“I understand the measures, they’re designed to protect us. However, they’re very disruptive”

A number of foreign visitors to South Africa and some who were on the verge of emigrating, remain in limbo as the coronavirus lockdown has halted international travel.

Despite the efforts of many states to repatriate their citizens from South Africa, many have not qualified for these flights or have not been able to afford them.

Ester Viera, 60, previously lived in South Africa but has been living in Portugal for the last 20 years. She was in South Africa for a holiday with her husband and was intending to fly back on March 25, but the flight was cancelled as the lockdown came into effect. She is now staying with her sister-in-law in Centurion and is uncertain about when they will return to Portugal.

“Tickets are very expensive. I’ll rather wait it out. Thankfully, my husband is retired, so we can stay here as long as we like,” Viera says.

Monica Guedes, 26, a South African citizen with a Portuguese passport, sold her house and was due to emigrate to Portugal at the end of March. She says, “The repatriation flights are very expensive. It’s 1000 euros to Doha, then an additional 1000 euros to Porto.”

The Portuguese consulate has offered assistance by organizing commercial flights to Doha, via Qatar Airways, and provided Portuguese citizens with a 10% discount o the cost. However, as a result of the pandemic, the one-way tickets remain extremely overpriced. In addition, it remains the responsibility of the traveller to secure a flight from Doha to the final destination in Portugual.

Guedes said, “There are no guarantees of connecting flights to our destination. It’s a huge risk at this point. Who knows if we will be stuck in a foreign country without shelter or food?” For Guedes, the risk is too high given that she would be travelling with her elderly grandmother. “It’s a very, very long route, and my grandmother probably won’t make that trip,” Guedes said.

Nonetheless, some have chosen to take the repatriation flights. Margie Martins, who lives in Portugal, was able leave South Africa on repatriation flight. She told Wits Vuvuzela, “I managed to leave South Africa on a repatriation flight on April 17.”

Judy Karpathakis, 50, a South African who had emigrated to Greece in August 2019 with her family, had returned to South Africa tie up loose ends before the lockdown had started and grounded commercial flights. Karpathakis also does not know when she will be able to get to Greece and says that there a number of people she knows in a similar situation. “A fair few of them quit their jobs, sold or rented their houses, bought their plane tickets only to have their flights cancelled due to the airports shutting down,” Karpathakis said.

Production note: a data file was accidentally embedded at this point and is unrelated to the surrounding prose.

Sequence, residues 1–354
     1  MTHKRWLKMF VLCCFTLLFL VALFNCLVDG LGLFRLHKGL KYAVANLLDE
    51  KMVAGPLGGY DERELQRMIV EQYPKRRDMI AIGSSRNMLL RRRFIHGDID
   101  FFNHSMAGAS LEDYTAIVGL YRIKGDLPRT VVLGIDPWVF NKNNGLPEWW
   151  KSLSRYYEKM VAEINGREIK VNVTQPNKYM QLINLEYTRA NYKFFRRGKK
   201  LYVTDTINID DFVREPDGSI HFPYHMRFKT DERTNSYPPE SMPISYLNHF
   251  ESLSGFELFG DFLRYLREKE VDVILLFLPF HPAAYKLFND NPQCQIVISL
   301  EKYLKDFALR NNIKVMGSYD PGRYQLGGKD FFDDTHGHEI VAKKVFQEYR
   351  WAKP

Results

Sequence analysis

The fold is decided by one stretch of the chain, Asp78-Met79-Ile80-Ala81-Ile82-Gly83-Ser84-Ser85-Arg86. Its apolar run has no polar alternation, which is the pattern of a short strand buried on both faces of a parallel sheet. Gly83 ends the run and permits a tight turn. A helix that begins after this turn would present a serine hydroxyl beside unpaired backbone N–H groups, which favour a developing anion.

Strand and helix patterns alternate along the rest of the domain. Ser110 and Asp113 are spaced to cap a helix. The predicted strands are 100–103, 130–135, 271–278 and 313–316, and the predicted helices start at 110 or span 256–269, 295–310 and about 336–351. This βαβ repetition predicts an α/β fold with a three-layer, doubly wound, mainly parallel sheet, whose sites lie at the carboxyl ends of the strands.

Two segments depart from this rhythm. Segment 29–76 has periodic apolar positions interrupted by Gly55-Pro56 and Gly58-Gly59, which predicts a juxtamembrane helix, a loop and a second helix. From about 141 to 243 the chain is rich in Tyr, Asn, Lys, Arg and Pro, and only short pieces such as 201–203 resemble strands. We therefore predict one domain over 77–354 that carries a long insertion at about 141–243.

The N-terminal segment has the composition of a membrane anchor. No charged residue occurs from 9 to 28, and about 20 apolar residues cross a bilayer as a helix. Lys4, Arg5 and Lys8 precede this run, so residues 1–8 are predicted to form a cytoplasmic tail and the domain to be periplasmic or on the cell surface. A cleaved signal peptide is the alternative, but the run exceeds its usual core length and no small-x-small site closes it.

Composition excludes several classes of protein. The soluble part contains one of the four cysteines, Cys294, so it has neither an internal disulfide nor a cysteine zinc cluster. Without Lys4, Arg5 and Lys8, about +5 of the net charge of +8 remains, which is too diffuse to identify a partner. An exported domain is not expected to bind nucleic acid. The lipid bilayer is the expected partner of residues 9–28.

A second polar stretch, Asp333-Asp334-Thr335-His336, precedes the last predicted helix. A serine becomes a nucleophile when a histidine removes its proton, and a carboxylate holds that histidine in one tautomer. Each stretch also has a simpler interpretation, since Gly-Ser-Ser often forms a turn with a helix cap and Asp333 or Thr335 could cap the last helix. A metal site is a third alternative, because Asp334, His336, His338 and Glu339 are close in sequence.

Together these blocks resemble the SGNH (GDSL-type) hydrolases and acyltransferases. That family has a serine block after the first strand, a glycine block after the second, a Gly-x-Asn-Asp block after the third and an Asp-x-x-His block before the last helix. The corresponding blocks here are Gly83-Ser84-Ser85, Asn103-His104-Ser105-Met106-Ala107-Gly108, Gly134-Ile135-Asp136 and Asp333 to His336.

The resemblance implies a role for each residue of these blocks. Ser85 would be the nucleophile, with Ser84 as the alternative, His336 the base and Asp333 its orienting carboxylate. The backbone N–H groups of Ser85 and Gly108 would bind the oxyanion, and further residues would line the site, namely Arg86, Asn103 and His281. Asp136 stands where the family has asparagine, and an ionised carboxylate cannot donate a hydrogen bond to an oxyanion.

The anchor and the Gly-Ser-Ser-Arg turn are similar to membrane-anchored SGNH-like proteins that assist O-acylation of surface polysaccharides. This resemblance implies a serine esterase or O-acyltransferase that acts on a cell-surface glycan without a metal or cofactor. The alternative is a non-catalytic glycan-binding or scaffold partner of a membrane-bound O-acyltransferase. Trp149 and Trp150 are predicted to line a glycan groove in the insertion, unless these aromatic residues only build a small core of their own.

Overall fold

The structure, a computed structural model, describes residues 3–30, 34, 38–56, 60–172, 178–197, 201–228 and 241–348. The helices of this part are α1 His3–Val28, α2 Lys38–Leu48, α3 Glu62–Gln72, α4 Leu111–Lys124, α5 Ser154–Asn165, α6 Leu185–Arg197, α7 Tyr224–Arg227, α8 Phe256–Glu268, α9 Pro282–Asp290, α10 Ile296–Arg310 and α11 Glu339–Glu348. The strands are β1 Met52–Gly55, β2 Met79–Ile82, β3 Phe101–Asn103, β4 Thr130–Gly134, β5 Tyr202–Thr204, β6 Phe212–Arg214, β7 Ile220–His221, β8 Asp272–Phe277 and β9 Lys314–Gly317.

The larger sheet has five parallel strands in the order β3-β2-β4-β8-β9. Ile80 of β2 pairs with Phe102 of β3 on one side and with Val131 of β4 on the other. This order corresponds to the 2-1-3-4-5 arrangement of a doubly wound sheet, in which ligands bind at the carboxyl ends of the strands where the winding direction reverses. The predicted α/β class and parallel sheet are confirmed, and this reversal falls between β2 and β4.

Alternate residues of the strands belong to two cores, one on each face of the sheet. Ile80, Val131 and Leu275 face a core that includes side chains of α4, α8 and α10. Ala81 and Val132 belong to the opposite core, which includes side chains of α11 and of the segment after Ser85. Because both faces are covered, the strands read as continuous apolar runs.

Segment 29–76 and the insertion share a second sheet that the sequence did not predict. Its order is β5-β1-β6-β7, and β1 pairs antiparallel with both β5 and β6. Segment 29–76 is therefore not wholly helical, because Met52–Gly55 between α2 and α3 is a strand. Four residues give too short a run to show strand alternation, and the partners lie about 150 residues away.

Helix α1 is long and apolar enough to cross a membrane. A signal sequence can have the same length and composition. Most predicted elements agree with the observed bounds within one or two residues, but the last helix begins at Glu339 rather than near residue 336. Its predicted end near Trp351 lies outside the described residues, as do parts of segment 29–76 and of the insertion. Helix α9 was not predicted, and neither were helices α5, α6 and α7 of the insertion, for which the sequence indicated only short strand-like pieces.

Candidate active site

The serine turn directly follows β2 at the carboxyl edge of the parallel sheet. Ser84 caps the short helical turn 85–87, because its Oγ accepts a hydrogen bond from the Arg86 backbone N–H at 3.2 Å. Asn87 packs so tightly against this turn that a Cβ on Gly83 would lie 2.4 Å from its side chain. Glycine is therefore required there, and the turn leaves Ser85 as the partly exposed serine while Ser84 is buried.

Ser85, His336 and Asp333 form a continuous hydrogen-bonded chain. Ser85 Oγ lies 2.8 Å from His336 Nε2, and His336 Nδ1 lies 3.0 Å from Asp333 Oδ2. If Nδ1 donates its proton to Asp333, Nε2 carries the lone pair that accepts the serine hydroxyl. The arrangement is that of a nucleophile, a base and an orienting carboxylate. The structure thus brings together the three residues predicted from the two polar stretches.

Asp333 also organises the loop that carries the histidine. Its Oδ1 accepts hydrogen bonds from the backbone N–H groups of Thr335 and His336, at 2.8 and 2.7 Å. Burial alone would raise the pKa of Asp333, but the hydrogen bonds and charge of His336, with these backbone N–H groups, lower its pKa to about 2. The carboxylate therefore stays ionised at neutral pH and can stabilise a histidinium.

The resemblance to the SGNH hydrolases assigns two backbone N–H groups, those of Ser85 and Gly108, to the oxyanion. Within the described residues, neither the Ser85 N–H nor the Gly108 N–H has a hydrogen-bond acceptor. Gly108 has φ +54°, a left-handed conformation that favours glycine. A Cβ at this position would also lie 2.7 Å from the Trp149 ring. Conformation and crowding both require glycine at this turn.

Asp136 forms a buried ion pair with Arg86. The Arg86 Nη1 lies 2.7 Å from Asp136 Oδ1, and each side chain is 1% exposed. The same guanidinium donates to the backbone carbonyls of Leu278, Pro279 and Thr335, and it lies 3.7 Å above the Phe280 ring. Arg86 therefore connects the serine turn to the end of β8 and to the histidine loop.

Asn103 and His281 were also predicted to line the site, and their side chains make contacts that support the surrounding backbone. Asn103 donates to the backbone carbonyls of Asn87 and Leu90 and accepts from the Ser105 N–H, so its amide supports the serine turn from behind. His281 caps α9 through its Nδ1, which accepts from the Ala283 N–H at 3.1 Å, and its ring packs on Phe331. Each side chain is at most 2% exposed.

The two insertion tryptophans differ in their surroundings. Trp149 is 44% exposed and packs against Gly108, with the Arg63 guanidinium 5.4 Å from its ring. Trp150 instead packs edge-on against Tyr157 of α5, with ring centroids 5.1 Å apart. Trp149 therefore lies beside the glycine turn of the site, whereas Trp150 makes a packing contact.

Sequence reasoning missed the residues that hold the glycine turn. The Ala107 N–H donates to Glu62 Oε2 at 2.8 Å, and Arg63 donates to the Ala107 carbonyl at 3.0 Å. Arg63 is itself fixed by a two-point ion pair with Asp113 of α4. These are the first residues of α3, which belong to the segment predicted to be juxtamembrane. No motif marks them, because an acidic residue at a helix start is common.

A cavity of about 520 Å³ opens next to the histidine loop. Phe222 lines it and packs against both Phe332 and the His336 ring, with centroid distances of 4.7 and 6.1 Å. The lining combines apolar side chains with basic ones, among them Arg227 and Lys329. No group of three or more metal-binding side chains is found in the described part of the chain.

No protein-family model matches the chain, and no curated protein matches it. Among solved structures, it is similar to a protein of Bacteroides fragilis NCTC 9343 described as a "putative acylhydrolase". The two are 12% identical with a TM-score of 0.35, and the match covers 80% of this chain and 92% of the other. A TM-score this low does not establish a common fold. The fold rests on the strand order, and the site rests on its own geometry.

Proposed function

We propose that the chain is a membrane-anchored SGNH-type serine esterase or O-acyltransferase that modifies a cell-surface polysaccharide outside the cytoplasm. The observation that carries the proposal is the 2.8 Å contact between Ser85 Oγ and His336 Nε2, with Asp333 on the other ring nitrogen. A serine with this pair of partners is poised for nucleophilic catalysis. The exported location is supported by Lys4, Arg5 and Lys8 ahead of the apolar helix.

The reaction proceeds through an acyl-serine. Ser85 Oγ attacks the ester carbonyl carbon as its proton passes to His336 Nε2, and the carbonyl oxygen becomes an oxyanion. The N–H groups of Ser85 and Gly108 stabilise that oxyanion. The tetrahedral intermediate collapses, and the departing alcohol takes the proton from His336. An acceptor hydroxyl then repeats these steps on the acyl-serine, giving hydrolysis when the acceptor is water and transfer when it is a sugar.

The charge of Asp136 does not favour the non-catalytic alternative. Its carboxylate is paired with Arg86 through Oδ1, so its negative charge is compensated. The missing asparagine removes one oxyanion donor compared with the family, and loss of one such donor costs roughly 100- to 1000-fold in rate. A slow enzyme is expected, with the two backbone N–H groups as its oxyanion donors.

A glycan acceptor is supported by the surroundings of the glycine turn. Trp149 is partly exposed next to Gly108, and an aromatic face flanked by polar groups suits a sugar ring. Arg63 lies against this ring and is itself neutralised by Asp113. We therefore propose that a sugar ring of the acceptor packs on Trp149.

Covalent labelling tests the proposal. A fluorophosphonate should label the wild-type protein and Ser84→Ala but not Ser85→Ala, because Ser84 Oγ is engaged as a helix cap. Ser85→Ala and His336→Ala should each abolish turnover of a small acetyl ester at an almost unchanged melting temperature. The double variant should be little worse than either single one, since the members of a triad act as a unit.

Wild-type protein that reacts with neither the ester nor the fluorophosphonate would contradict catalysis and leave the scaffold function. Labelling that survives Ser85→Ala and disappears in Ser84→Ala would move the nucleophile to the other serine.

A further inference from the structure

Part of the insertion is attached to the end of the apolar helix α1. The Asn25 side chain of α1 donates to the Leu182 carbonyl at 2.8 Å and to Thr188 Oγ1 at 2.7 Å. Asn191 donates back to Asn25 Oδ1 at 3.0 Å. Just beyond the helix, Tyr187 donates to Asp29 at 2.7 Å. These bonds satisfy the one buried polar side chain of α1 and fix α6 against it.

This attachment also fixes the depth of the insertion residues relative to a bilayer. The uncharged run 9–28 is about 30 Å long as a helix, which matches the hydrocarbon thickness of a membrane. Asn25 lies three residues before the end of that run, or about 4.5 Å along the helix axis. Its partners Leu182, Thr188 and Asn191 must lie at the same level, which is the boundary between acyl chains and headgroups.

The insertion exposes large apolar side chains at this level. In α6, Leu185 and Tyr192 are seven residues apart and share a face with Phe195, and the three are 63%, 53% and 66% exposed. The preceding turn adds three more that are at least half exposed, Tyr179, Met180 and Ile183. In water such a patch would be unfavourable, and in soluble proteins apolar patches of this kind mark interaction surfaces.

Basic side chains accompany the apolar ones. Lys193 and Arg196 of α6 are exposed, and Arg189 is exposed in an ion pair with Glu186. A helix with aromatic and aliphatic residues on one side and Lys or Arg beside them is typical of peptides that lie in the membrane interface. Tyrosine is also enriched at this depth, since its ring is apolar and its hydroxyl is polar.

Speaking to the Greek City Times, Greek deputy minister of civil protection and crisis management, Nikos Hardalias, said repatriation flights will only be available to citizens in difficult circumstances. This includes people with no accommodation, people stranded in transit in airports, or those that are in need of urgent health care.

Guedes said that she and her family are racking up expenses as they wait for the opportunity to head to Portugal. “We are being forced to stay in the home which we sold. My family have had to pay occupational rent. I have had to decline job offers overseas and cancel interviews … I understand the measures. They’re designed to protect us. However, they’re very disruptive,” she said.

Karpathakis says, “The biggest impact to those of us in limbo is that we still have to pay rates and taxes, insurance etc, while we can’t sell and don’t have an income.”

According to a European Parliament briefing released on April 1, European Union member states have received help through the European External Action Service (EEAS) to retrieve their citizens stranded in other countries. As of April 24, 19 repatriation flights had left South Africa.

FEATURED IMAGE: Travel restrictions stand in the way for those looking to emigrate or return home from South Africa. Photo: Catia De Castro